Have a streambank buffer zone or wetland project in Pennsylvania that you've been putting off for the lack of money? Then talk to your local soil and water conservation district about collaborating for a Growing Greener grant.
Pennsylvania Department of Environmental Protection is accepting applications for the Growing Greener Grant Program for watershed protection and abandoned mine drainage projects. Applications submitted through local governments, non-profits, schools, and watershed associations are due by July 11.
A total of $16 million is available through the Pennsylvania Growing Greener program for projects to improve water quality in impaired waterways or to protect water quality where the watershed may be threatened by non-point sources, such as agricultural runoff. Approved projects must be completed by September 30,, 2018.
Pennsylvania works with Soil and Water Conservation Districts and watershed associations, targeting funds to priority watersheds in need of restoration, identified through the development of an approved Section 319 Nonpoint Source Watershed Implementation Plan. The federal Water Pollution Control Act will provide $3 million for projects to support restoration of 35 such watersheds across the state. Projects for this section of the grant solicitation must be completed by Sept. 30, 2018.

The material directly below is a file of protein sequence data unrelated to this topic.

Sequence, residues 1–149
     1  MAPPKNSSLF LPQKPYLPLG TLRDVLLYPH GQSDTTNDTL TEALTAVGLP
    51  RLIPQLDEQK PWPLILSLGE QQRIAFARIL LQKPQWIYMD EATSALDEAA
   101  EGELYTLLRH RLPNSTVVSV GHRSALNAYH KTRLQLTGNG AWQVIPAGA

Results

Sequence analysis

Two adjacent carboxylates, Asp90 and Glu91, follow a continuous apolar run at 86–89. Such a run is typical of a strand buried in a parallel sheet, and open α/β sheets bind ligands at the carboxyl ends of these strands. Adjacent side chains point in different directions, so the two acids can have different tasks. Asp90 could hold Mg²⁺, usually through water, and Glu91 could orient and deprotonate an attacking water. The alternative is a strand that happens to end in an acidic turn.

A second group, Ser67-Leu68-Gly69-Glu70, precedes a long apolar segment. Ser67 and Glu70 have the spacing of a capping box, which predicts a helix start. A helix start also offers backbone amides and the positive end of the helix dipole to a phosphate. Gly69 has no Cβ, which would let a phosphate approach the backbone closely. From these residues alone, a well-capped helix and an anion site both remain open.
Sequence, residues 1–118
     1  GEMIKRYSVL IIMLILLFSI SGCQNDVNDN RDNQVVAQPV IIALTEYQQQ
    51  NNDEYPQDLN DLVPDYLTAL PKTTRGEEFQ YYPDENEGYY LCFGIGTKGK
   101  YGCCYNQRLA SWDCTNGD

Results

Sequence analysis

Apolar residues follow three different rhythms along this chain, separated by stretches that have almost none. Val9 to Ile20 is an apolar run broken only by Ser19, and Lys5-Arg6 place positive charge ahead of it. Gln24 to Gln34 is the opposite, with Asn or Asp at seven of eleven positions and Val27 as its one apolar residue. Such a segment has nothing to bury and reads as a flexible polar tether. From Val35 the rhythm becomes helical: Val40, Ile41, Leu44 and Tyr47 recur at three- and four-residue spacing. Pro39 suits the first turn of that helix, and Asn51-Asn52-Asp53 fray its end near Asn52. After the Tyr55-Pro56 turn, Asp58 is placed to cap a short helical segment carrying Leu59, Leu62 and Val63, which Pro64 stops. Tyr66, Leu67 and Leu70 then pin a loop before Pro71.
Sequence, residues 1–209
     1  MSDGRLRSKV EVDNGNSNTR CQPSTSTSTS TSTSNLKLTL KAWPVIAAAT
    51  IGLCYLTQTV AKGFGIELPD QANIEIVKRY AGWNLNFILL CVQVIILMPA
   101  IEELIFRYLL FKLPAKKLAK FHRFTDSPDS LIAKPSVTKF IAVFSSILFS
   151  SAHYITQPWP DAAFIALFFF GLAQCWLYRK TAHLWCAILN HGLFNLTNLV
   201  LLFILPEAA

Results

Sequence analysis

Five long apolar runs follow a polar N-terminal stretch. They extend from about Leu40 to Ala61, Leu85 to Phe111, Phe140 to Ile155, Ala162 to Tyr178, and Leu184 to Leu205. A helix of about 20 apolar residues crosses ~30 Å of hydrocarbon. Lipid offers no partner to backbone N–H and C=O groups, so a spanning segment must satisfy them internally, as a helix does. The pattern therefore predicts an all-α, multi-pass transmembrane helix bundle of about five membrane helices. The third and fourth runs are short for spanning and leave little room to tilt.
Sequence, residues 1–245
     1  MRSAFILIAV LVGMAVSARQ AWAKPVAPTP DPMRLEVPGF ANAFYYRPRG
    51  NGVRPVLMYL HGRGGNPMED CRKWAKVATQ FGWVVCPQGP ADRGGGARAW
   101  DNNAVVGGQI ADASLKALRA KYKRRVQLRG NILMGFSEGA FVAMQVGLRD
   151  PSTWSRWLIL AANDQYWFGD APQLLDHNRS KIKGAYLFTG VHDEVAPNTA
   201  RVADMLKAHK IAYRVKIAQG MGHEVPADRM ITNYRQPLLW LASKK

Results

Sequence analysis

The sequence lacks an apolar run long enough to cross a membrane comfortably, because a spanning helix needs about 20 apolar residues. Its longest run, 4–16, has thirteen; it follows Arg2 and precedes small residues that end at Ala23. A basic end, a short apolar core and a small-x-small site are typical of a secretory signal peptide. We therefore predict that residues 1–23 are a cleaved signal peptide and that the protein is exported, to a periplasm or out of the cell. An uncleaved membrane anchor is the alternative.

As part of its innovative and award-winning program to restore abandoned mine sites, DEP also announced $2 million in federal Surface Mining Conservation and Reclamation Act funding for abandoned mine drainage projects. The federal program is funded by a fee on the active mining industry. The state is also accepting applications for projects to reclaim mine sites that have forfeited reclamation bonds.
Applications must be postmarked no later than July 11 and mailed to the DEP Grant Center at P.O. Box 8776, Harrisburg, PA 17105. If hand delivered, the package must be received by the Center by 4 p.m. on July 11.